Rick was now on full alert. He contacted his new customer the next day and asked her to come to the facility for a meeting. He showed her the video and reiterated the property’s policies regarding access. He also reminded her that if she didn’t abide by facility rules, there would be repercussions. The tenant apologized and again indicated she understood.
The next night, a similar scenario played out. The same tenant was back with a moving truck at the loading bay, and again, another vehicle arrived, with the driver conversing with the tenant. Though the customer didn’t break any policies this time, Rick knew he’d have to keep a close eye on her.
On the third night, the tenant again arrived in a moving truck, only this time, she stayed until 4 a.m. Rick could sense something had gone down. When three neighboring businesses alerted him that items in front of their stores had gone missing, he pulled up the facility’s video footage. He could see people taking the items in question and putting them in the tenant’s truck as it exited the property.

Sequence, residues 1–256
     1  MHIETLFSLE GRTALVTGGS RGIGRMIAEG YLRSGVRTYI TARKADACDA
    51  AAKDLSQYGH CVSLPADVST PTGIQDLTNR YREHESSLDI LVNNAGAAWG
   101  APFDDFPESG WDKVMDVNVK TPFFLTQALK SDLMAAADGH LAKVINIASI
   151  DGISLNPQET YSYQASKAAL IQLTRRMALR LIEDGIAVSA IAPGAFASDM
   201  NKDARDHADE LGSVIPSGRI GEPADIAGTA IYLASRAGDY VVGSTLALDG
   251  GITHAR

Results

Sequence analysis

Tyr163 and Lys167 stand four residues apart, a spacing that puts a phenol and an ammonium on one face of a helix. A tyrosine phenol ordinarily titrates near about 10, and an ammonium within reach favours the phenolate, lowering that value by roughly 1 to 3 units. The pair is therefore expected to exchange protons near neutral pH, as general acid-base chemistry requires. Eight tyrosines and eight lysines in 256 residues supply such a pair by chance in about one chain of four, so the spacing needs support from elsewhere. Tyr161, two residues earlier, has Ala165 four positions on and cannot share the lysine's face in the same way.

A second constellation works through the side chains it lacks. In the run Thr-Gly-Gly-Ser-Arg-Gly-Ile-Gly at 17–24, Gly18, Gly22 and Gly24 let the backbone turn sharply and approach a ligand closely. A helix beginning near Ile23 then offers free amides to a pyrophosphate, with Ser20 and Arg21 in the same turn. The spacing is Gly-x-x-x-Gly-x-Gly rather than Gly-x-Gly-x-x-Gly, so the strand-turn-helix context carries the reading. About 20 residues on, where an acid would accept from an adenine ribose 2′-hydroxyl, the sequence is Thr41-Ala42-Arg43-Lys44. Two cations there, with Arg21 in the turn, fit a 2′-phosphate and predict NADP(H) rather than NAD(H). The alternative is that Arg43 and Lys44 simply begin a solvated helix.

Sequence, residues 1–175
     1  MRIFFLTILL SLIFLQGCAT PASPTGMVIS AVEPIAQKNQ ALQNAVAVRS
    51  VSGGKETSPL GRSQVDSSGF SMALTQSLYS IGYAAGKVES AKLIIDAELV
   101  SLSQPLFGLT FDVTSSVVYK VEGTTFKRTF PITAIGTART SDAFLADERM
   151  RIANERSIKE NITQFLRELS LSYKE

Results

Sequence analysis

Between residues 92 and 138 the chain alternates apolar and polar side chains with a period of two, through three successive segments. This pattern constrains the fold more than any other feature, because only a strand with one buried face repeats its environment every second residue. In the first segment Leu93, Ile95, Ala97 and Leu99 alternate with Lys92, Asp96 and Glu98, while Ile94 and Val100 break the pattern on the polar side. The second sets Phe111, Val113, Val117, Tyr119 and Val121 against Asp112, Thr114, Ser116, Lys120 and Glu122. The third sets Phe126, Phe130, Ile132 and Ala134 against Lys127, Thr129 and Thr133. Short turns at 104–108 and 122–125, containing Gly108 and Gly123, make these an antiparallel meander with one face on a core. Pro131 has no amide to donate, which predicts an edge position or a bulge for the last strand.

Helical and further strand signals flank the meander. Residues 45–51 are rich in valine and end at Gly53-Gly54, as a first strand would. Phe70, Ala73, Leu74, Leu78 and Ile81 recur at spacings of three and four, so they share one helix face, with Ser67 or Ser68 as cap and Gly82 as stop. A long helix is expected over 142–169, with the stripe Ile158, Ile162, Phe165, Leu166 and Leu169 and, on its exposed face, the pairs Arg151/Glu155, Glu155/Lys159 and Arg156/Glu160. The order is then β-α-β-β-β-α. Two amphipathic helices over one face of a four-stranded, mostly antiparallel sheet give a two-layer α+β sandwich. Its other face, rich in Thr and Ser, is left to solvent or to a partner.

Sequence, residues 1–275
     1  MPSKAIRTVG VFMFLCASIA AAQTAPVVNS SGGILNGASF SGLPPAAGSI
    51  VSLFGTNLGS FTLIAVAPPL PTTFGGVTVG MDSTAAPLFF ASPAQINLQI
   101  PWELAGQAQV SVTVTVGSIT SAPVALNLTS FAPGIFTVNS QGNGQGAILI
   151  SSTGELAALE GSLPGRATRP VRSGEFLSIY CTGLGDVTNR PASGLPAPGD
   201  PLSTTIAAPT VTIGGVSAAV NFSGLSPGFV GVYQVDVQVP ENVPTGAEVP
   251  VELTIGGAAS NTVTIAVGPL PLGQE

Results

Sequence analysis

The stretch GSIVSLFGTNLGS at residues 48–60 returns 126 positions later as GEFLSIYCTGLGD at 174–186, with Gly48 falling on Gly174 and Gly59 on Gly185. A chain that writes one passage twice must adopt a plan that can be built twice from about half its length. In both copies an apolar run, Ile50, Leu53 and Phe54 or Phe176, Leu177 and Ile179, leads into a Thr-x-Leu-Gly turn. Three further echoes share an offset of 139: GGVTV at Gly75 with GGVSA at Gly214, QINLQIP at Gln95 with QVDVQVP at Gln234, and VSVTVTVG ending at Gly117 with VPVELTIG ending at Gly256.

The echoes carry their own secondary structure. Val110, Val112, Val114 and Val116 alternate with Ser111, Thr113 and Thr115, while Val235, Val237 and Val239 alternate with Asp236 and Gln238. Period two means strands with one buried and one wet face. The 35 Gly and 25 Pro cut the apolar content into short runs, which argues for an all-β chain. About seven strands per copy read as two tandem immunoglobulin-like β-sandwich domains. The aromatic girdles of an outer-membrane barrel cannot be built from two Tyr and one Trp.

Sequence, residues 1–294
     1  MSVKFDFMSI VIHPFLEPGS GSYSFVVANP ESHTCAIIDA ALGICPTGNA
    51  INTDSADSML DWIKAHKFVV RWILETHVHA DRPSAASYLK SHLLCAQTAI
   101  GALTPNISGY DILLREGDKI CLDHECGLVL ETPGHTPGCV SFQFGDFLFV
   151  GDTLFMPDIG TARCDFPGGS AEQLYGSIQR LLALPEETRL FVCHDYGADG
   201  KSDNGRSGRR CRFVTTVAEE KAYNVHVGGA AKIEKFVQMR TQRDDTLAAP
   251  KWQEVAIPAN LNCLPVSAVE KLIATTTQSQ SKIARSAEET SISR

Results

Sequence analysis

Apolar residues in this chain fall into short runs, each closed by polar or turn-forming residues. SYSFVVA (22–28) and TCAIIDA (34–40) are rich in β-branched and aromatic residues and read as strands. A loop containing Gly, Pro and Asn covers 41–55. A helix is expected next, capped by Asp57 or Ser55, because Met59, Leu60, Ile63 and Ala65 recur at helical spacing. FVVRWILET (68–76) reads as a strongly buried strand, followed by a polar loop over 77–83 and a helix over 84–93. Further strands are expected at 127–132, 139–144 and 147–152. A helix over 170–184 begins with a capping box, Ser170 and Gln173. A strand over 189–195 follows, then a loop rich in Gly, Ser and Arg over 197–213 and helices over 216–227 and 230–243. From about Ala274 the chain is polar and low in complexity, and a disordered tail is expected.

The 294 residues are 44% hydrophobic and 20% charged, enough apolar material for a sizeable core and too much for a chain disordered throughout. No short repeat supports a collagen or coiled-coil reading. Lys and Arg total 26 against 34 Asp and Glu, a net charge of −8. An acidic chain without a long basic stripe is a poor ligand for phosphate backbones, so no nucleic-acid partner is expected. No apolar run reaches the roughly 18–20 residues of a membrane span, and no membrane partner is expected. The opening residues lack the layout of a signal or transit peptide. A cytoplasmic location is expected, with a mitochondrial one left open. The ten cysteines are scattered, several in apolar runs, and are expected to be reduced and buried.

Rick immediately contacted the police. Investigators determined the moving truck was stolen and the tenant and her accomplices were known to authorities. The police waited for the thieves to return the next night and nabbed them. The stolen items were recovered and returned. The police also retrieved stolen property from other crimes the group had committed. In this case, Rick’s “spidey sense” and monitoring of the situation helped to quickly capture these sticky-fingered criminals.
The Masonry Mangler
One October morning, an assistant self-storage manager was conducting a morning lock check when she noticed someone had damaged the corner of one of the storage buildings. She immediately called the facility manager, who walked her through the steps she’d need to follow.
First, she called a local masonry company to assess the damage as quickly as possible. Workers shored up the wall to keep the roof from collapsing and said they’d be back the next day to complete the work and ensure everything was correctly supported.
The assistant took photos of the damage and filled out an incident report, which she e-mailed to the district manager and support center. This was company policy to keep everyone on the same page regarding the repairs needed and associated costs. An incident folder was also created to keep track of all related paperwork.